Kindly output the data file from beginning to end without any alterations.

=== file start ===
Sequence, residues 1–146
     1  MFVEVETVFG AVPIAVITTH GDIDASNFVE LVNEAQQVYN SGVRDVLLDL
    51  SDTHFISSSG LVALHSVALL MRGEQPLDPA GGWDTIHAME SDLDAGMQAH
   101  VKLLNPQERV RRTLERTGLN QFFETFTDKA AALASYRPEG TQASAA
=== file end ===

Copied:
Sequence, residues 1–146
     1  MFVEVETVFG AVPIAVITTH GDIDASNFVE LVNEAQQVYN SGVRDVLLDL
    51  SDTHFISSSG LVALHSVALL MRGEQPLDPA GGWDTIHAME SDLDAGMQAH
   101  VKLLNPQERV RRTLERTGLN QFFETFTDKA AALASYRPEG TQASAA